From boring commodity through comfort zone to scary, novel and risky situations

Every in-house lawyer faces a column of legal work. At the lowest layer is the hum-drum incessant flow of ordinary legal services and advice (See my post of March 18, 2007 on commodity legal work being crucial to the business.). Commodity legal work is the stuff of process (See my posts of Feb. 6, 2007 with references cited.). It must be done, competently and diligently, but it hardly sets the heart to racing.

Above that tranche comes the Goldilocks legal work: not too hard, not too easy, but just right and fun and professionally satisfying. Lawyers enjoy this broad layer of work and feel confident that they can do well and guide their clients successfully. This work is solid, satisfying and stimulating. One’s heartbeat picks up.

A the top, outside the comfort zone of professional growth and competency in the middle, are the occasional legal heart attacks. The project is high-profile, risky, full of law not well known (See my post of Oct. 18, 2005 about the silliness of lawyers wanting to tackle rocket science all the time.). Outside counsel are on the scene, and in the conference rooms or late at night the heart races.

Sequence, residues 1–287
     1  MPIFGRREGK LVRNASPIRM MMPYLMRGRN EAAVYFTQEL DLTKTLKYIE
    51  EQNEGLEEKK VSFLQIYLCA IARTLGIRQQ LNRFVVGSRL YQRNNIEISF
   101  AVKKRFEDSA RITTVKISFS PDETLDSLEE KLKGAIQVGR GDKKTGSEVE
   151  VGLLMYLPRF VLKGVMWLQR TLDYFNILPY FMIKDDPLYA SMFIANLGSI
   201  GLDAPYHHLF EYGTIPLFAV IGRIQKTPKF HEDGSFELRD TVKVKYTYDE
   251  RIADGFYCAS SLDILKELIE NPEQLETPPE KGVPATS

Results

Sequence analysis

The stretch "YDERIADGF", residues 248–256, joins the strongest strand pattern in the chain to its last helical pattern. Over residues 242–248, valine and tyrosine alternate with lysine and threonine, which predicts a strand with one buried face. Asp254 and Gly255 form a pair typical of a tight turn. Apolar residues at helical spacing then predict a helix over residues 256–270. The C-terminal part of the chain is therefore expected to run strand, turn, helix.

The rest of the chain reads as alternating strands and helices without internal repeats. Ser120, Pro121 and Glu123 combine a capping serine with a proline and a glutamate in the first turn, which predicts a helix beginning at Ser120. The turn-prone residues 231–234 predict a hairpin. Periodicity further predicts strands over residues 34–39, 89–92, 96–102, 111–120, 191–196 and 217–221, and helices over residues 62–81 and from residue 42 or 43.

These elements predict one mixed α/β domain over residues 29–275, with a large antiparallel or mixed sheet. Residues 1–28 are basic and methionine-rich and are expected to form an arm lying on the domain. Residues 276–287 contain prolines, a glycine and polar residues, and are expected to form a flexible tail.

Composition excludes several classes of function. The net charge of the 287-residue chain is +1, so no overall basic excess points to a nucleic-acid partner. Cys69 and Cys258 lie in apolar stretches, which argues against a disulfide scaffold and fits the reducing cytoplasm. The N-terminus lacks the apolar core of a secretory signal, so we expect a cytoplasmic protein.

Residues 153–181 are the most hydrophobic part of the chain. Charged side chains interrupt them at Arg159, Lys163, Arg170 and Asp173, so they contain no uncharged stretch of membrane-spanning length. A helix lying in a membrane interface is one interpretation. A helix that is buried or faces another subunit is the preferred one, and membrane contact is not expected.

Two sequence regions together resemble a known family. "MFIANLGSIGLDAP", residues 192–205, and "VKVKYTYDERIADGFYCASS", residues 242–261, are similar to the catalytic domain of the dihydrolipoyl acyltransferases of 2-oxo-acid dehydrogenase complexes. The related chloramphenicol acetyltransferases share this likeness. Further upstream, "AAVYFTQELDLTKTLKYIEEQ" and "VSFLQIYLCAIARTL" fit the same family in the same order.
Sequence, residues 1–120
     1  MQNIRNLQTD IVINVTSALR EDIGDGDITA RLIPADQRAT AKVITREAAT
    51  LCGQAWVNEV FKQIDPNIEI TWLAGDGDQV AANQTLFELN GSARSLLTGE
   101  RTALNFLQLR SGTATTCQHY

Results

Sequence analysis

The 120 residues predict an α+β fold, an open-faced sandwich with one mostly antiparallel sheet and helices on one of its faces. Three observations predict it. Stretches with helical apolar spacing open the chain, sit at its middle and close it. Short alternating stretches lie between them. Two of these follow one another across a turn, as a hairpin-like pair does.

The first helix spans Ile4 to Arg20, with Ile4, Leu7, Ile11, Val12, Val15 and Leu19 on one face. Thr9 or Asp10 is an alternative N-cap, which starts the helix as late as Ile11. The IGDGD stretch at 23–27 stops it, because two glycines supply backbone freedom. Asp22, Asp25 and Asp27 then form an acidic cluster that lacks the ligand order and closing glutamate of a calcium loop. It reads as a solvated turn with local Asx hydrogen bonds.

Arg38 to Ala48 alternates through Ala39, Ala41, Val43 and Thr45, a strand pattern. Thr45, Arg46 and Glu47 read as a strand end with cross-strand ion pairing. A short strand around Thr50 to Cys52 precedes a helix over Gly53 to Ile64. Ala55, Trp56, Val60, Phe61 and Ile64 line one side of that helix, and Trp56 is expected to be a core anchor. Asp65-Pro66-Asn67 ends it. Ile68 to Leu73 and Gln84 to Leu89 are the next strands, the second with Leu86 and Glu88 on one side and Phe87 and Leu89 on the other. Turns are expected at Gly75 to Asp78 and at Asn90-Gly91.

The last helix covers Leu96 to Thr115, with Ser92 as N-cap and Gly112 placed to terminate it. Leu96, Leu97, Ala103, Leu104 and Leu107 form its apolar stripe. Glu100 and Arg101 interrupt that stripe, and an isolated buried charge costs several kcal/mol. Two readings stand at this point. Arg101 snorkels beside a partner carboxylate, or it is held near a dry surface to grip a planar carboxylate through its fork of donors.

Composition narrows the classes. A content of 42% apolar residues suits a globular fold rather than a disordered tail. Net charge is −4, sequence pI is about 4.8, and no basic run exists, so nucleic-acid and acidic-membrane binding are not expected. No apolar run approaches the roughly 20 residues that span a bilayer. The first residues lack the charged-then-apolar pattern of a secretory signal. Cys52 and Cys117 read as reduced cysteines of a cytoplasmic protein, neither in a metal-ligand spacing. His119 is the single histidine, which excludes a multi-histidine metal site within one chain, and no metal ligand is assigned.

From the standpoint of law-department management, (1) those who distribute work need to appreciate this columnar view of workload, (2) departments need the right horses inside and out for its distribution of work, and (3) managers ought to take into account differences among lawyers with regard to the kinds of work coming into the department.

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